Do you follow @intlfamilylinks (Restoring Family Links’ account) on Twitter? See an interesting article but just don’t have the time to read it? “This Week in RFL News” is a weekly blog segment that highlights and summarizes some of the news items posted by RFL’s twitter.
Eurotunnel: After completing dangerous journeys across the Mediterranean to the European Union, many migrants are now faced with their next challenge: how to reach the United Kingdom – a country well-known for having a smoother process when applying for asylum than other EU nations. Out of sheer desperation, migrants seem to be up to the challenge, and are trying even more dangerous methods to get there. This week, over 2,000 migrants attempted to storm the Eurotunnel, a railway that connects Calais, France to southern England. Reports say that one Sudanese man died in the efforts, with few others injured. The “Calais Crisis” has stirred up tensions between the UK, France, and Eurotunnel authorities, though the spotlight is on the entire European Union for being unable to control the migrant influxes this summer. In an effort to secure the tunnel, EU governments spent $5.2 million to erect barriers to control the number of incoming refugees, and London announced another seven million pounds to help France secure its end of the Eurotunnel.
Though the journey is dangerous and has already caused dozens of injuries, few are lucky enough to succeed. This week, the British Red Cross was able to provide medical assistance to those who made it to Kent, though supplies and volunteers are limited. According to The Guardian, more than 90 people per day are now seeking help – a significant increase from 60 per day that was reported 2 weeks ago. As many as 9 migrants have died during the journey in June and July alone.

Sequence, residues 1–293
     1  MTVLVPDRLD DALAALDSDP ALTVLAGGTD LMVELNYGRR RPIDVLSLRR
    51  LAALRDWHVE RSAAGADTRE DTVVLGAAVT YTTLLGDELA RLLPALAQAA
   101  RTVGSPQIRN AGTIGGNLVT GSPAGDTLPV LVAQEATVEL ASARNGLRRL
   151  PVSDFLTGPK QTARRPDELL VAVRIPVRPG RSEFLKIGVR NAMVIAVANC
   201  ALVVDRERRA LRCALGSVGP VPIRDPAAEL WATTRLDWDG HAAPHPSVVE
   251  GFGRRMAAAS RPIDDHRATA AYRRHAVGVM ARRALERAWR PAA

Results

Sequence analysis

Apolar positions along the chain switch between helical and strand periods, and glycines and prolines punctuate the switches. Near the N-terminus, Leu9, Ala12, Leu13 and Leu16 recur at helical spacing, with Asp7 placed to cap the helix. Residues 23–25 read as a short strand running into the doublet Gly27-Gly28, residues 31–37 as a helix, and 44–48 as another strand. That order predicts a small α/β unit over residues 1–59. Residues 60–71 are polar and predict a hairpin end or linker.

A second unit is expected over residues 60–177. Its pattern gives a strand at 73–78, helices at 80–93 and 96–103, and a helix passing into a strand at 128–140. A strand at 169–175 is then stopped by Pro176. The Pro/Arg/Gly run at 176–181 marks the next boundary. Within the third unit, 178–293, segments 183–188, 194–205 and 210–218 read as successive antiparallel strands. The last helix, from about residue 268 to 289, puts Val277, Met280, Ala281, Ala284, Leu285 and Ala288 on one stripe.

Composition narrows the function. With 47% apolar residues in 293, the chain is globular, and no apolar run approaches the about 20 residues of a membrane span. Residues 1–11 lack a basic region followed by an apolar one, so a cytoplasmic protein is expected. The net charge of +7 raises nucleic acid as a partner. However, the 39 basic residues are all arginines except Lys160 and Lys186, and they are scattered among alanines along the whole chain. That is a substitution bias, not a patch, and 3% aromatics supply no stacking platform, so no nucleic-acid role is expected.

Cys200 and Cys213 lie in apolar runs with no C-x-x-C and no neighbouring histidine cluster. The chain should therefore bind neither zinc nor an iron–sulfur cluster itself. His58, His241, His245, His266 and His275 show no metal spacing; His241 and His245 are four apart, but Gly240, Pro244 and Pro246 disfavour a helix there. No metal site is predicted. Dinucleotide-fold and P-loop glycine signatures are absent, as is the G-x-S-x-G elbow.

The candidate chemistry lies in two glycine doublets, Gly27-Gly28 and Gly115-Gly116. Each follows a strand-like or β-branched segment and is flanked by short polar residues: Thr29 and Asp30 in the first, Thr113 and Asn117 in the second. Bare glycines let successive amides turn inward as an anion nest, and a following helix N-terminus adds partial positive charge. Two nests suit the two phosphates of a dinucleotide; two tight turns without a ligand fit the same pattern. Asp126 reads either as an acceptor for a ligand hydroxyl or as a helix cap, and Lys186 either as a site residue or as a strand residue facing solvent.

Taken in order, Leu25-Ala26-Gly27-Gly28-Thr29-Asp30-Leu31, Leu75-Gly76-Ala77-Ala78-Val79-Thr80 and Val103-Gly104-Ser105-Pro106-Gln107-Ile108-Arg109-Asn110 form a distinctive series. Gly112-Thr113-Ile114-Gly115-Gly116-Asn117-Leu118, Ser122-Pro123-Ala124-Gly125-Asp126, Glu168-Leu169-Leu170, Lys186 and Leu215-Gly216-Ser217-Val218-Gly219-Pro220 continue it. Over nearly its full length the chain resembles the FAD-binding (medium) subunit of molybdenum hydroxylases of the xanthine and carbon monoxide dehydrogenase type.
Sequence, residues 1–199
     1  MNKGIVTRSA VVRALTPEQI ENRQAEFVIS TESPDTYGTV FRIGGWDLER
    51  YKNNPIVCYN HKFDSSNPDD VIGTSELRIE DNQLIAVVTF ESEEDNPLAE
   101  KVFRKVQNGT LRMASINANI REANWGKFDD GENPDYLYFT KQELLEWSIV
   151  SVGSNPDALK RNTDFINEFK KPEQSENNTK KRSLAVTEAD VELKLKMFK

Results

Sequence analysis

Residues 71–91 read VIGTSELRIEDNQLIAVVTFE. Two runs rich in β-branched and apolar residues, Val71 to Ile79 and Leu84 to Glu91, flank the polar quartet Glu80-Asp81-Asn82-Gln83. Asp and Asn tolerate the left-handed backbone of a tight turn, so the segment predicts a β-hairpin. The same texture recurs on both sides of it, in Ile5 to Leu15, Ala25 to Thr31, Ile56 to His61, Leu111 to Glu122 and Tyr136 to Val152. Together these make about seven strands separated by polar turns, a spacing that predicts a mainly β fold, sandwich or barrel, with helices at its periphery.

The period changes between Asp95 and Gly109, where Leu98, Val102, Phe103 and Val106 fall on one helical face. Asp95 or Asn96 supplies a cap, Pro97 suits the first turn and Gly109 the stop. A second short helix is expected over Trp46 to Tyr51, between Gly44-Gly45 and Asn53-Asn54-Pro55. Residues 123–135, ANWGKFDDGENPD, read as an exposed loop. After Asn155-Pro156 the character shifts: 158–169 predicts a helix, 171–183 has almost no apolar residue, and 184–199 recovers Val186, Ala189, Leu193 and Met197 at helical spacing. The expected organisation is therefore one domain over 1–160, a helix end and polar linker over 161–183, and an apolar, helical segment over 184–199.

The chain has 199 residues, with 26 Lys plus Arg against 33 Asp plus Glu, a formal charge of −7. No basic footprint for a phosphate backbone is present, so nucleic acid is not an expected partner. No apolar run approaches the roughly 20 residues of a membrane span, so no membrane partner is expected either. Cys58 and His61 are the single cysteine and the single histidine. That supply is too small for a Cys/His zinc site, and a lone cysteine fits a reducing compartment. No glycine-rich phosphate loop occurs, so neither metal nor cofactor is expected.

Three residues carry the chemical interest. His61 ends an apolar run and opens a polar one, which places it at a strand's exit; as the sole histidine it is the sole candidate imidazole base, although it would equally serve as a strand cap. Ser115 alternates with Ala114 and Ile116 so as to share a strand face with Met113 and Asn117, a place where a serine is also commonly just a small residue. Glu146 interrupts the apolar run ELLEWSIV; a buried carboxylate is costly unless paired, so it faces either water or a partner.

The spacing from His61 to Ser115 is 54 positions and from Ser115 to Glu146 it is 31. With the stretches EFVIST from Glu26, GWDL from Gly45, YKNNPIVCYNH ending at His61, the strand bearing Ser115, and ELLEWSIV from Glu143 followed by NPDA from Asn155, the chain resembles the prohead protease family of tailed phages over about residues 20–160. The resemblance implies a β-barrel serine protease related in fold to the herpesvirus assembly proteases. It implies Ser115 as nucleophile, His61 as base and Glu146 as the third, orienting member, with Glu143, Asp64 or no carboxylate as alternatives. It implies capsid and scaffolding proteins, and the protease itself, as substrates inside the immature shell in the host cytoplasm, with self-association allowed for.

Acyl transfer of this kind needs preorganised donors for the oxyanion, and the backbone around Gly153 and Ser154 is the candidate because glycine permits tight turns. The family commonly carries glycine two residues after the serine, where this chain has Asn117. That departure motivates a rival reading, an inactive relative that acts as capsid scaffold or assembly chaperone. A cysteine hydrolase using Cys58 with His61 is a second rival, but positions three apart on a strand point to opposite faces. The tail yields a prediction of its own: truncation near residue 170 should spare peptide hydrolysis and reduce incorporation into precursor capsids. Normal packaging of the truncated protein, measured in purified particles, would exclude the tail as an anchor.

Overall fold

Germany: Over the past few months, migrant and refugee crises in the European Union have been a large component of our weekly news. Countries such as Italy, Greece, France, and the UK all receive high numbers of migrants and refugees every single day, and just as expected, the problem is growing more severe, and expanding across more countries. This week, a new surge of refugees arrived to Germany, and the government is overwhelmed. A majority of refugee centers are full, and the government is scrambling to find new methods to house refugees. In order to alleviate the crisis, officials offered private hostel vouchers, the German army offered their barracks, and the Red Cross built 21 emergency accommodations centers for refugees in need. Despite these measures, some refugees still have no place to sleep, and thousands sleep in public parks every night in order to stay together. Unfortunately, these accommodations are only temporary, and the tent sites will close down in October.
In addition to a lack of shelter, numerous reports of xenophobic attacks and rallies against refugees circulated in the news this week. Most attacks stem from gang violence or anti-Muslim protestors who station themselves outside of refugee reception centers. The anti-Muslim movement has become one of Europe’s more pressing issues, and only time will determine how the movement will progress as more refugees enter into the European Union this year.
Restoring Family Links in Jordan: As raging conflict and poor living conditions in Syria force thousands of families to flee to Jordan in search of a safe place to live, many family members become separated. The International Committee of the Red Cross (ICRC) helps reunite them through tracing services and by putting them back in touch. This week, the ICRC reports of a reconnection story between a Syrian mother and her two children after almost a year. Check out the full story here.